“Villain Factory hardly had a monopoly on the formula, even if they were some of the most aggressive dealing with it.” Fugichi shook his head. “More likely it’s another gang, there are a couple, of the Lowgrounds, Sunshine Republic it might even be the Eight Precincts of Death, though the latter would have to fight the local gangs.”
Koichi sighed again as he started scratching out the details for the report on the paper.
“I hope things don’t get too heated again.”
“It’s not really your concern, but if you see anything don’t hesitate to call us in.” The chief said.
“I’ll do what I can.” Koichi said. “That’s all we as civilians can do, right?”
Fugichi Hiro shook his head and smiled. “If only things were ever that simple.”
When the police officer opened the door to the car we arrived in I didn’t immediately respond because I was still staring out the window at the streets surrounding us. I rubbed my hands on my kimono a bit, they’d let me have my clothing back in the morning and my wraps, which helped a little bit since I felt less exposed with them on.
“Ume-san, we need to get going so we don’t miss our appointment.”
When I turned around I was still just slightly startled to see the human sized cat head that was peering back at me. Apparently that was a mutation, people with Quirks tended to have strange bodily features that were either the source of their power or just a trait passed down their family line because one of their parents had a quirk that required a physical mutation. I looked it up and apparently animal-like characteristics weren’t uncommon, some mutation quirks were simply called the name of the animal they most closely resembled. It didn’t make it any less unusual to look at.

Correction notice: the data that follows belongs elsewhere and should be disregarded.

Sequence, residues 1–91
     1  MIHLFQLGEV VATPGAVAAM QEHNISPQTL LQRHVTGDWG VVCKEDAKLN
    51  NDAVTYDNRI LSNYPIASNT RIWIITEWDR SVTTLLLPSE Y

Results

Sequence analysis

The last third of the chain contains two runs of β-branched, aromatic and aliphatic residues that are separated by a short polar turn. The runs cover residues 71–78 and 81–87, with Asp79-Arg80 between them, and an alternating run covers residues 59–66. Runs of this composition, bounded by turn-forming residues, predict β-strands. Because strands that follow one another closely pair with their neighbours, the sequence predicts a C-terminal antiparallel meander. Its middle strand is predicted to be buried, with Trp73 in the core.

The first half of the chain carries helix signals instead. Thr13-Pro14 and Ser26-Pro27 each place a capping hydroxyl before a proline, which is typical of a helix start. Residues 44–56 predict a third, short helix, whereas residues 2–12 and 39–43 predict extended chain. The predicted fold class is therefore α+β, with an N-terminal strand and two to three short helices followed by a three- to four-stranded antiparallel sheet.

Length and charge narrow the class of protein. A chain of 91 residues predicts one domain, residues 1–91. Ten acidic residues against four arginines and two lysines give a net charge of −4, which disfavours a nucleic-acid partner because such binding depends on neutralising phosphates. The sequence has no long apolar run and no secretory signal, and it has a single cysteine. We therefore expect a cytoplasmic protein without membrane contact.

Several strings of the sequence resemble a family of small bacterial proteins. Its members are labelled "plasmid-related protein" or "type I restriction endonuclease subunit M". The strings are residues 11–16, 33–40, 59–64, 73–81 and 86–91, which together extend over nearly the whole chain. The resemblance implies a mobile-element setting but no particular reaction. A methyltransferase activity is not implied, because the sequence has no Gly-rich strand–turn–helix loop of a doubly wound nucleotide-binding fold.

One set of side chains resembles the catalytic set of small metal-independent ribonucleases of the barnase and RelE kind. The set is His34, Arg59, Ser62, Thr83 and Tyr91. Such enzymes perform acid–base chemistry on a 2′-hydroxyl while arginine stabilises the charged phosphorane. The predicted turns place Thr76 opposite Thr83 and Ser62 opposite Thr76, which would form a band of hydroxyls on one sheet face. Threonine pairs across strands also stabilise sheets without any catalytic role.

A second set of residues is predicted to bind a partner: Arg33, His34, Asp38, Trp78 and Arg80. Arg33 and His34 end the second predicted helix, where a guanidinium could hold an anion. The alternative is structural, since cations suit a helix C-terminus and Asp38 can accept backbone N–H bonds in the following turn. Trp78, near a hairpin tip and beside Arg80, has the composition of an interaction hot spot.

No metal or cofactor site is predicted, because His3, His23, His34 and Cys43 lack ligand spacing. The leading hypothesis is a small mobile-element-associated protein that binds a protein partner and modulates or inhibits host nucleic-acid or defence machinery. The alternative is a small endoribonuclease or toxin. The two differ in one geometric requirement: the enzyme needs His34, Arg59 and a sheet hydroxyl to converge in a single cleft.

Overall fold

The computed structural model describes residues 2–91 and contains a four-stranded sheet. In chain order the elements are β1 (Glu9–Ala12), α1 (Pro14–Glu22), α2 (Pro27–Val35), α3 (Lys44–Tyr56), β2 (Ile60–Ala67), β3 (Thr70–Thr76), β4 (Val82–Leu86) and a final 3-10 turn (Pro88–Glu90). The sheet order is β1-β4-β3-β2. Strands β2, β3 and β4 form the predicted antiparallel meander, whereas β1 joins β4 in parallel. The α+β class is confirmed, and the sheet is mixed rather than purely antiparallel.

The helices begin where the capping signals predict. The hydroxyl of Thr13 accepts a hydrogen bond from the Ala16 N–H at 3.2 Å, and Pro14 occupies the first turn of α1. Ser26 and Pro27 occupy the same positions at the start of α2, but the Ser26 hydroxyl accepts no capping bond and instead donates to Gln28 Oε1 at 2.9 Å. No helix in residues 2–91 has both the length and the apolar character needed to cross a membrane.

Or cute. Honestly, I was actively resisting reaching out and scratching the police officer behind the ears. He was a professional and it would probably be rude. Luckily Danny was in my lap and I absently scratched his ears instead.
“Alright.” I nodded as I slid out of the car. Danny, taking the hint, jumped off my lap and onto my shoulders. He curled around me like a lazy scarf, much more comfortable since I’d taken the cast off his leg earlier that morning.
I stared up at the building and took a deep breath. Then immediately put a hand on my mouth. The inside of the Ingenium Agency and the surrounding area hadn’t been this bad, but it was a more isolated area. There were plenty of trees, but also cars buzzing by, making a smell of petrol, smoke, and, oddly, soy sauce permeate the air. The inside of the car smelled not as bad, because it smelled more like the upholstery, probably a newer car or at least one not broken in thoroughly. Still, I had to blink a bit as I looked around.
“Not used to the smells of a city?” The officier, Tamakawa, was his name, and looked at me. His own tiny nose slightly twitched.
“I’m from a more… rural area.”
Not an exaggeration, no city in the Elemental Nations was anywhere close to the sheer size, volume, density and scale of this. Even the Daimyo cities or major trading hubs weren’t as industrial or paved.
“I prefer the country too.” The officer gave a small little cat smile as he led the way. “It’ll be cleaner inside.”